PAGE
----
"I have, as of yet, formed no other lasting romantic attachments; nor has Cassandra, who swore to never love again after Tom died. If one of my mother’s and father’s hopes in leaving Steventon and removing to Bath was that we should find husbands, they must be very disappointed. Nevertheless, I count myself fortunate, for I enjoy a loving connection with a sister who is the sun of my life, the keeper of my every thought, hope, joy, and sorrow; I have a large and happy family, and enough nieces and nephews to occupy my time and fill my heart."

Looking back on the summer of 1791, Austen is grateful to Edward Taylor and all the other people she met in Kent:

"I learned so much that summer…about the human mind and heart—about what motivates people to marry—about what really matters when two people are falling in love."

Jane Austen’s First Love bridges a number of genres: Austenesque, Historical Fiction, Romance, and Young Adult. It will appeal to Austen fans as well as readers less familiar with her works or biography. And it might inspire a visit to Jane Austen’s England someday.
______________________________________________________________________

I received a free copy of Jane Austen’s First Love provided by the publisher, Berkley Trade (Penguin Group) © 2014, in exchange for a review. All reviews expressed are my own opinion.

To celebrate the holidays and the release of Jane Austen’s First Love, Syrie James is giving away five prize packages filled with a selection of Jane Austen-inspired gifts and books. (The grand prize giveaway is pictured at right.) The contest is open to everyone, including international residents.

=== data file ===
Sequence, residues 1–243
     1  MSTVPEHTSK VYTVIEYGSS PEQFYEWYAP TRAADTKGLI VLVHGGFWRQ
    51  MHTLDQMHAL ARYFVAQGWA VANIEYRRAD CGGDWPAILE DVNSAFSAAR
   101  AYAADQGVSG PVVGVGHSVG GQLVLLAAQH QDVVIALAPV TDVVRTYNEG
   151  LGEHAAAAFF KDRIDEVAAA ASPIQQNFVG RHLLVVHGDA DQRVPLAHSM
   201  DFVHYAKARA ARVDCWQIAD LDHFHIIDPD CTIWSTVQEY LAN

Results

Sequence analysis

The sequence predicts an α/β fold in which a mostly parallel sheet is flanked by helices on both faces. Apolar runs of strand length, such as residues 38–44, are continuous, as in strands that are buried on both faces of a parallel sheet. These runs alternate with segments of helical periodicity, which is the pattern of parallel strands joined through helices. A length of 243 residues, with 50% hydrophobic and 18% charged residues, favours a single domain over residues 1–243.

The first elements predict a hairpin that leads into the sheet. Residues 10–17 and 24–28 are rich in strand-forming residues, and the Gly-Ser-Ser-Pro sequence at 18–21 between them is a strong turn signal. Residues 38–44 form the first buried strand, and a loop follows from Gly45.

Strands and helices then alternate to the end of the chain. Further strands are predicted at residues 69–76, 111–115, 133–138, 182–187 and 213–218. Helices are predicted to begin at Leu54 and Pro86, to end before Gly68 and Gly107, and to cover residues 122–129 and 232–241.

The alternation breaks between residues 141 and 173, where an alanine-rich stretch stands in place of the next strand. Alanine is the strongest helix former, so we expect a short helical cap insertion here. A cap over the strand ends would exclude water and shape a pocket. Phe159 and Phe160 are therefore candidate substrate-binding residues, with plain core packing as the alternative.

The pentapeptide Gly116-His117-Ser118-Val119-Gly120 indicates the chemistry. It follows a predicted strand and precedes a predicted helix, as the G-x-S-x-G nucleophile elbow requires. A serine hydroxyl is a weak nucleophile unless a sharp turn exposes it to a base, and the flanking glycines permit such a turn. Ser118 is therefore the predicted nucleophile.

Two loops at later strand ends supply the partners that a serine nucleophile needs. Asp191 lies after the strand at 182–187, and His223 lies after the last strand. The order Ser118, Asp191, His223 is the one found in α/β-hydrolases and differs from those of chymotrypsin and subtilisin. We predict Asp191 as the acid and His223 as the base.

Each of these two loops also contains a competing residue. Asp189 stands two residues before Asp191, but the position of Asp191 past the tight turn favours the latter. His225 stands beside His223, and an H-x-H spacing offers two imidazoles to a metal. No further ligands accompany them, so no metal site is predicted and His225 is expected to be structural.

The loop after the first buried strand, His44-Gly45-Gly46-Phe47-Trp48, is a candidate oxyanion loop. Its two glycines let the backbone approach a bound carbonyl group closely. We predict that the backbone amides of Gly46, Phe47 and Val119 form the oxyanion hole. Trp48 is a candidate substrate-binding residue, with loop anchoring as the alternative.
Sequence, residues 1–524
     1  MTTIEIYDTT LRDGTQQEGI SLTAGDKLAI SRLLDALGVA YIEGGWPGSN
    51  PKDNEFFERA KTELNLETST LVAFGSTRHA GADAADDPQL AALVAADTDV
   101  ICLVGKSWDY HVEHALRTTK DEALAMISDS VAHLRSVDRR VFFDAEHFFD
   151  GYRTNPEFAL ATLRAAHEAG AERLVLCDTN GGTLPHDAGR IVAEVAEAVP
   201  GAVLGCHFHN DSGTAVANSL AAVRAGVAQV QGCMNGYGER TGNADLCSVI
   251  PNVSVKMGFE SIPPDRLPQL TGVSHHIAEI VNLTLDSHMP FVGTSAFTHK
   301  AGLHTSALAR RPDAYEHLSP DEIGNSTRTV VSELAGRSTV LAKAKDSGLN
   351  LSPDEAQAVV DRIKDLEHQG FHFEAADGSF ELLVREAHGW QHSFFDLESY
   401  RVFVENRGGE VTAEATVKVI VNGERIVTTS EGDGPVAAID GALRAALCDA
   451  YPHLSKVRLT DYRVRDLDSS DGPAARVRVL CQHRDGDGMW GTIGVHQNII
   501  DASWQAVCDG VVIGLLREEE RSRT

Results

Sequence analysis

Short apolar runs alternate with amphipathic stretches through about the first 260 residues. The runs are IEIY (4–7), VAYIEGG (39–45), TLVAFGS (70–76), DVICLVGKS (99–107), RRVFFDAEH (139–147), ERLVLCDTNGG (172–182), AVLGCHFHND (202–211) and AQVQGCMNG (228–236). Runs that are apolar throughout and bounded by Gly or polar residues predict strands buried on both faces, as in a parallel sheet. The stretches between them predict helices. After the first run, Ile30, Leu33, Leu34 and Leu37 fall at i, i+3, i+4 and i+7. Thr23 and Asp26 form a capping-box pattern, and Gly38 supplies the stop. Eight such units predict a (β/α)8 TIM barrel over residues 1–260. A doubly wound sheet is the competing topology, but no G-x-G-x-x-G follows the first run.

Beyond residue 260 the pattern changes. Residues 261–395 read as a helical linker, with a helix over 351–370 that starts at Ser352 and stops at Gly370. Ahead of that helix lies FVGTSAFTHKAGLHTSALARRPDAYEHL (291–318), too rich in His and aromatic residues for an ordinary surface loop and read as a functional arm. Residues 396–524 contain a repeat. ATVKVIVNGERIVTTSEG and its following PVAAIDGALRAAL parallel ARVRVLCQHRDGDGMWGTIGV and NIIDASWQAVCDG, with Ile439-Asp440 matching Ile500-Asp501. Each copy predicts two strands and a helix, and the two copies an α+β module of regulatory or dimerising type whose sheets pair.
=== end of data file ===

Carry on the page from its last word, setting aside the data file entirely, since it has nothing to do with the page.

Visit multiple stops along the Jane Austen’s First Love Holiday Blog Tour to increase your chances of winning! The contest closes at 11:59pm PT, December 21, 2014. Five lucky winners will be drawn at random from all of the comments on the tour, and announced on Syrie’s website on December 22, 2014.

To enter the giveaway contest, please leave a comment below.

40 comments:

  1. What a fun giveaway - I just love all things Jane Austen griperang at embarqmail dot com

    ReplyDelete
  2. Tracy, thank you for your wonderful review of Jane Austen’s First Love. I am so excited to read this book. :)

    psalm103and138[at]gmail[dot]com

    ReplyDelete
  3. That must have been a wonderful trip to take part in. Look forward to reading this book.
    skpetal at hotmail dot com

    ReplyDelete
  4. Jane as a matchmaker, that does sound rather fun!
    devapajo at gmail dot com

    ReplyDelete
  5. Great review. It truly is a lovely book.

    ReplyDelete
  6. read a few excerpts now and really would like to read this book

    ReplyDelete
    Replies
    1. Hi Vesper! I'm so glad you're intrigued to read Jane Austen's First Love. I hope you get a copy for Christmas (or sooner!), and that you love it as much as I enjoyed writing it! :) Happy holidays!

      Delete
  7. Jane Austen a matchmaker like Emma? XD Sounds fun!

    ReplyDelete
  8. So Emma took after Jane Austen herself in her matchmaking skills? Great!

    ReplyDelete
  9. My mother introduced me to Jane Austen at the age of 13 in the early 1960's and I visit my friend every year to renew my acquaintance. Her books are old friends and I am an avid reader and there are many books once read I do not read again. I look forward to reading Jane Austen's First Love.
    Thank you Syrie!
    sheltielass(at)gmail(dot)com

    ReplyDelete
  10. Hi Syrie!! Its me again. ;) nrslalee00@yahoo.com

    ReplyDelete
  11. I really want to read this book. It sounds delightful!

    ReplyDelete
    Replies
    1. I hope you put Jane Austen's First Love on your holiday Wish List! :)

      Delete
  12. Thank you so much Syrie. Cassandra's words of never love again reminds me of my great aunt. She had a painting over her bed of her one true love who died on the Russian Front. She remained true to his memory never marrying. How very sad. Your story is beautiful.